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Keeping you safe in renewables

Keeping you safe in renewables

Installing wind turbine

Accident statistics for renewables only offer a partial glimpse of how health and safety is managed in the industry, but even that limited view suggests that the sector can be a dangerous one.

Figures from health and safety body G+ show that UK offshore renewables has an accident rate nearly four times higher than offshore oil and gas.

While the renewables industry may be notable for its innovation, many of the incidents described in the G+ report will be familiar to workplaces up and down the country.

Manual handling is the biggest single cause of injury, while work at height lags not far behind. These are risks that are well understood across industries and should be better managed, particularly in a sector that sets people to work up to 100m over the freezing North Sea.

But it’s not just offshore that can be dangerous. Onshore renewables have seen a number of high profile accidents in recent years, including a worker dying after being stranded in bad weather at a remote windfarm, a contractor falling down a turbine tower and a series of turbine fires.

Even those working in offices – often mistakenly perceived to be low risk – face their own concoction of risks. We know from Prospect’s recent members’ survey that energy sector workers are facing mounting workloads, stress and an overbearing management culture.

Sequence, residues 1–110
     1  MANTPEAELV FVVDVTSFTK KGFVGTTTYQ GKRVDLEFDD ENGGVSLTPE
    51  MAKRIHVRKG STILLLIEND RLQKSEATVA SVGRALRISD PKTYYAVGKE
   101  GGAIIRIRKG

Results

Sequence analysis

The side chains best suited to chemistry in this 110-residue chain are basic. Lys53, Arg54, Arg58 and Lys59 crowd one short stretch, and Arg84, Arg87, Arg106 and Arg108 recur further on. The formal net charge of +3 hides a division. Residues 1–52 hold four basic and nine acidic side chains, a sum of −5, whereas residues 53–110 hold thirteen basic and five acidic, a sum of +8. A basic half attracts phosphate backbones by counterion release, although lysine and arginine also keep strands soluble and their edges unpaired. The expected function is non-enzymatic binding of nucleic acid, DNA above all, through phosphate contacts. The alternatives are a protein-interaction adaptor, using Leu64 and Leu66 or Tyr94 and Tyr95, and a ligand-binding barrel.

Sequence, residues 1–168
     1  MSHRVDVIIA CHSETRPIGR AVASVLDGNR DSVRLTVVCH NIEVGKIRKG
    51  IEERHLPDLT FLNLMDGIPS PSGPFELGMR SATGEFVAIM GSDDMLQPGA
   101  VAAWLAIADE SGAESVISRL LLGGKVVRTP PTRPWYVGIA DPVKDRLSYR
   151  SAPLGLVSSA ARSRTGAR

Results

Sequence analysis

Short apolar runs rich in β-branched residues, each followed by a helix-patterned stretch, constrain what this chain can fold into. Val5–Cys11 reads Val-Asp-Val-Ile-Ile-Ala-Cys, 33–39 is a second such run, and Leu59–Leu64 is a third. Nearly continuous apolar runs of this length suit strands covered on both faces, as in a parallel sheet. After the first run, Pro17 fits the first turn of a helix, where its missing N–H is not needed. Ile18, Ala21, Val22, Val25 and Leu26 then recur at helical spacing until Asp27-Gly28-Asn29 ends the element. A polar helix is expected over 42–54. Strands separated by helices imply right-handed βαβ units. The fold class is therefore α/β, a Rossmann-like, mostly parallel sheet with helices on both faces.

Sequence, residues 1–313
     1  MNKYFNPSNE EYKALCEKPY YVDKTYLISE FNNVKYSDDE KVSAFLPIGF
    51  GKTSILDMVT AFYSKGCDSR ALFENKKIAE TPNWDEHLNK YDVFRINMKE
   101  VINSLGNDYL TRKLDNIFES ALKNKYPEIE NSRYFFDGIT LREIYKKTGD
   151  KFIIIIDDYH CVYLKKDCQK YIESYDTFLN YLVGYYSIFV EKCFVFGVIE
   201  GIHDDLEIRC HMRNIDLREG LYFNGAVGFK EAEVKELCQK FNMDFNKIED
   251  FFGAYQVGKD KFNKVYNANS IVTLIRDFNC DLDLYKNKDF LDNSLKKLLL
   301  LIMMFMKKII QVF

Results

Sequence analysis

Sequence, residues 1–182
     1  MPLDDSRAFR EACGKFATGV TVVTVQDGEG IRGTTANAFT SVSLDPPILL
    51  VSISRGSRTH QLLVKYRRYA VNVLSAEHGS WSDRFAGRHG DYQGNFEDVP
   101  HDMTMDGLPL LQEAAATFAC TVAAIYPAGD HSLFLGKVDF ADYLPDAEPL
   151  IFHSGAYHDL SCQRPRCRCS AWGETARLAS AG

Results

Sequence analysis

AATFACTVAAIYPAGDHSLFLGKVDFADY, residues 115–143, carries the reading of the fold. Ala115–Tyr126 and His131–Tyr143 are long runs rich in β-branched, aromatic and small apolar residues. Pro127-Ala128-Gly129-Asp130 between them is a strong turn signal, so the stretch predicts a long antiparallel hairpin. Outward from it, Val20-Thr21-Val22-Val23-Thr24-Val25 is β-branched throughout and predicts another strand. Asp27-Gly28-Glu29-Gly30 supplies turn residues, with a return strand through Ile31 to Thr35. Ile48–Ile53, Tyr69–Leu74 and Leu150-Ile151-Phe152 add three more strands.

Collective knowledge

Renewables may employ cutting edge technology, but the risks workers face are all too familiar. But when it comes to managing the risks at work, Prospect has a huge collective knowledge to draw on.

Trade unions are the most effective tool we have in ensuring good health and safety at work. Research and practice has shown it again and again.

One study found that the more trade unionists there are in a workplace, the fewer injuries and cases of ill health. Another found that when employers work with trade unions, accidents are reduced by 50%.

Prospect’s health and safety reps working in renewables, and across the broader energy sector, make a difference in their workplaces day in, day out. Whether it’s fatigue, stress, competency standards or safety systems for working with electricity, we have a long track record of driving improvements to working conditions.

These hardworking volunteers are supported at a national level with advice, information and training. Prospect has recently launched WorkSafe, an energy sector health and safety campaign that addresses members’ most pressing issues, including stress, lone working and driving.

Relatively speaking, renewables is a new industry, and doesn’t have the history of managing risk that other parts of the energy sector does. This forced the Health and Safety Executive, in 2015, to challenge the industry to improve the way it manages health and safety.

Under the close scrutiny of the regulator, improvements have been made, but it is only by employers working with unions that renewables can be made a healthier and safer industry for all employees.

Chris Warburton

Chris Warburton


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